Manchester Transport




The Huddersfield
Narrow Canal

Restoration of
the long derelict Huddersfield Narrow Canal was completed on 1st May
2001, and is now fully open between Ashton’s Portland Basin and Huddersfield
in Yorkshire, exactly 57 years after its closure.
It runs
a total of 32 km or 20 miles from Ashton, where it connects with the
Cheshire Ring (sometimes known as the Pennine Ring) and rises over
some 70-odd locks through the Pennine hills into Yorkshire.

Huddersfield Narrow Canal at Upper MillHuddersfield Canal Narrowboat at SaddleworthStalybridge Canal bridges on the Huddersfield narrow Canal
Draught horse-drawn
narrowboat; Cruises on the canal at Uppermill; Tunnels and bridges
in Stalybridge town centre; Narrowboat on the Huddersfield Canal near

It has been the
subject of one of the most arduous and exciting restoration projects
in the country, as a result of a partnership between British Waterways,
the Huddersfield Canal Society and local boroughs of Tameside, Oldham
and Kirklees, as well as funding from the Millennium Commission Lottery
Project fund.
The Huddersfield Canal Company had been formed by volunteers in 1974,
despite a great deal of opposition, not least from local authorities.
Whole tracts of the canal, particularly at Stalybridge, had been filled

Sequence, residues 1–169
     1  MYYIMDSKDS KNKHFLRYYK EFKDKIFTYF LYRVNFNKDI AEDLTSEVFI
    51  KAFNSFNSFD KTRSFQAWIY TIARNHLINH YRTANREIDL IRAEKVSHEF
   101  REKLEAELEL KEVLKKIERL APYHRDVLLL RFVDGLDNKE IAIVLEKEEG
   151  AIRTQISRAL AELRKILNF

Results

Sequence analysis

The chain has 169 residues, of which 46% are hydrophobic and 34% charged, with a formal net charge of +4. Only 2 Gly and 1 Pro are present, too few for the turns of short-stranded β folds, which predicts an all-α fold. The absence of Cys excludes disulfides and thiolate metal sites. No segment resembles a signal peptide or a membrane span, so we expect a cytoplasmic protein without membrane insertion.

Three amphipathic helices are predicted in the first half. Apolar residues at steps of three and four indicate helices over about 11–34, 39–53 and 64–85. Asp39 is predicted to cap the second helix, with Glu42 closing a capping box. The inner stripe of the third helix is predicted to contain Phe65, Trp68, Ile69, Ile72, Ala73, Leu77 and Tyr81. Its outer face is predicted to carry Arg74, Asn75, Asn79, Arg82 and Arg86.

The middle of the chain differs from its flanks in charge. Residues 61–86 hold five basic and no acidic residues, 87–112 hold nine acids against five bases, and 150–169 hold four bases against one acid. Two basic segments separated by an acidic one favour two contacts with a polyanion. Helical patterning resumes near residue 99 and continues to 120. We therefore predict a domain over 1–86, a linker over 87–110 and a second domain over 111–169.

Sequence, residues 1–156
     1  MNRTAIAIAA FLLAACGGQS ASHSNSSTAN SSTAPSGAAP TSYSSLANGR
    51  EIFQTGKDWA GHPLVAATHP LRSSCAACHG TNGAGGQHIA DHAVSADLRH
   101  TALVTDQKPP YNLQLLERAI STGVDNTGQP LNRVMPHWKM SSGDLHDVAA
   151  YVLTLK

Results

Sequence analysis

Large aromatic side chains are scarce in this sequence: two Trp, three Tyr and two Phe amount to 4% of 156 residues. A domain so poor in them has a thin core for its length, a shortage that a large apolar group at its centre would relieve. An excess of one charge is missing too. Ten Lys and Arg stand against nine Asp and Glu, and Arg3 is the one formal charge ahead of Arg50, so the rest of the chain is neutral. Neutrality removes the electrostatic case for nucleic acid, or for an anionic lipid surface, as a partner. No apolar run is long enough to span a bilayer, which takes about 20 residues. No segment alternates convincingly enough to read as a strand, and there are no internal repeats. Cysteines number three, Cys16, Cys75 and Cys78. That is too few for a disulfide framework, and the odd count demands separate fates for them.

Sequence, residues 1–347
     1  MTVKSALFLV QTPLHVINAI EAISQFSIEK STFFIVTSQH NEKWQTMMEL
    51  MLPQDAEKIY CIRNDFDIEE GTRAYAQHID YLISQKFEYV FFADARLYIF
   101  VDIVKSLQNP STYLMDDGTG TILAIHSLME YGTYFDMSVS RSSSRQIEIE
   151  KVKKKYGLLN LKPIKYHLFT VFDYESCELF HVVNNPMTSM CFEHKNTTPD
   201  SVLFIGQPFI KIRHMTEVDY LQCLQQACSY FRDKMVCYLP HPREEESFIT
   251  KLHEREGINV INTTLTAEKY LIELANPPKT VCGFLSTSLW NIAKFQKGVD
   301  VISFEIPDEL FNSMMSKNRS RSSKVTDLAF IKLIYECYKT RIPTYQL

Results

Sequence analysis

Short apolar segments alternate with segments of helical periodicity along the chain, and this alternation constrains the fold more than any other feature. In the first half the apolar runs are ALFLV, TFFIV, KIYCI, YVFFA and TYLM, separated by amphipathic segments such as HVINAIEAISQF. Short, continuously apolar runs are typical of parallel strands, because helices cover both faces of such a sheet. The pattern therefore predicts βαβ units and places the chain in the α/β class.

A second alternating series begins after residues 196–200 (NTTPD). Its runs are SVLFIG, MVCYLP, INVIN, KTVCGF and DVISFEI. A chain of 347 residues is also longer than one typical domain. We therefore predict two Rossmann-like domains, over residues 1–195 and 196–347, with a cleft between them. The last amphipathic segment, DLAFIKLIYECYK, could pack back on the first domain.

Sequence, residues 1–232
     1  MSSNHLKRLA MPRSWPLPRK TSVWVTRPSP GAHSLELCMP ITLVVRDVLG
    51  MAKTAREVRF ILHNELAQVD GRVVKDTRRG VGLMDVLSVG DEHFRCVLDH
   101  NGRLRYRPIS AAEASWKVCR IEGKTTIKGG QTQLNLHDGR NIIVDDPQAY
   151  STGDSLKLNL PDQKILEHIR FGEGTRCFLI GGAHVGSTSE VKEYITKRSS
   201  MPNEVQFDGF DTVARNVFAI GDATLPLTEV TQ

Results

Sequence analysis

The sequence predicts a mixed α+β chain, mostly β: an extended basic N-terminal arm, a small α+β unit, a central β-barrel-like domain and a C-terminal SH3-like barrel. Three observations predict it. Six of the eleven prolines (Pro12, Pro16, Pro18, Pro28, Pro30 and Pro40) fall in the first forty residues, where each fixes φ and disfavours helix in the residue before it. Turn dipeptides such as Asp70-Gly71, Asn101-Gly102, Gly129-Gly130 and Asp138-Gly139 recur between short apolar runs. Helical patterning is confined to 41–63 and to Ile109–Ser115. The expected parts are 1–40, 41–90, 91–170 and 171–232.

in and built over. Some of the most expensive and dramatic reconstructions
have taken place here, as the canal has had to be raised and lowered
by locks through the centre of the town as it passes through on its
way to Uppermill and Saddleworth. The cost of the restoration was
supported by Grant from the National Lottery Funds as a recognised
Millennium Project.
Many parts of the canal are designated as Sites of Special Scientific
Interest (SSSIs) for their rare species of birds and plants. There
are several tunnels on the canal, but most imposing is the infamous
Standedge Tunnel, boasted as the “highest, longest and deepest
canal tunnel in Britain”.
A unique feat of 19th century engineering, the tunnel was cut through
hard Pennine rock with little more than picks, shovels and hammers,
and over 50 men lost their lives creating its 3½ miles (5200M).
The nearby Standedge Visitor Centre has exhibits for the public and
acts as administration centre for the tunnel, which is at present
a toll tunnel, and some £35 has to be paid for the privilege
of sailing through in one direction.
For all Standedge Visitor Centre enquiries telephone 01484-844298,
or visit the website at

To keep abreast of events on the Huddersfield Canal, to work as a
volunteer, to join or make a donation, contact:

Canal Society, 239 Mossley Road, Ashton-under-LyneOL6 6LN.
Tel: 0161-339 1332

every care has been taken in the compilation of these listings to ensure
their accuracy, the authors cannot guarantee that information has not
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© John Moss, Papillon Graphics AD 2013 Manchester, United Kingdom – all rights reserved.
This page last updated 20 Nov 11.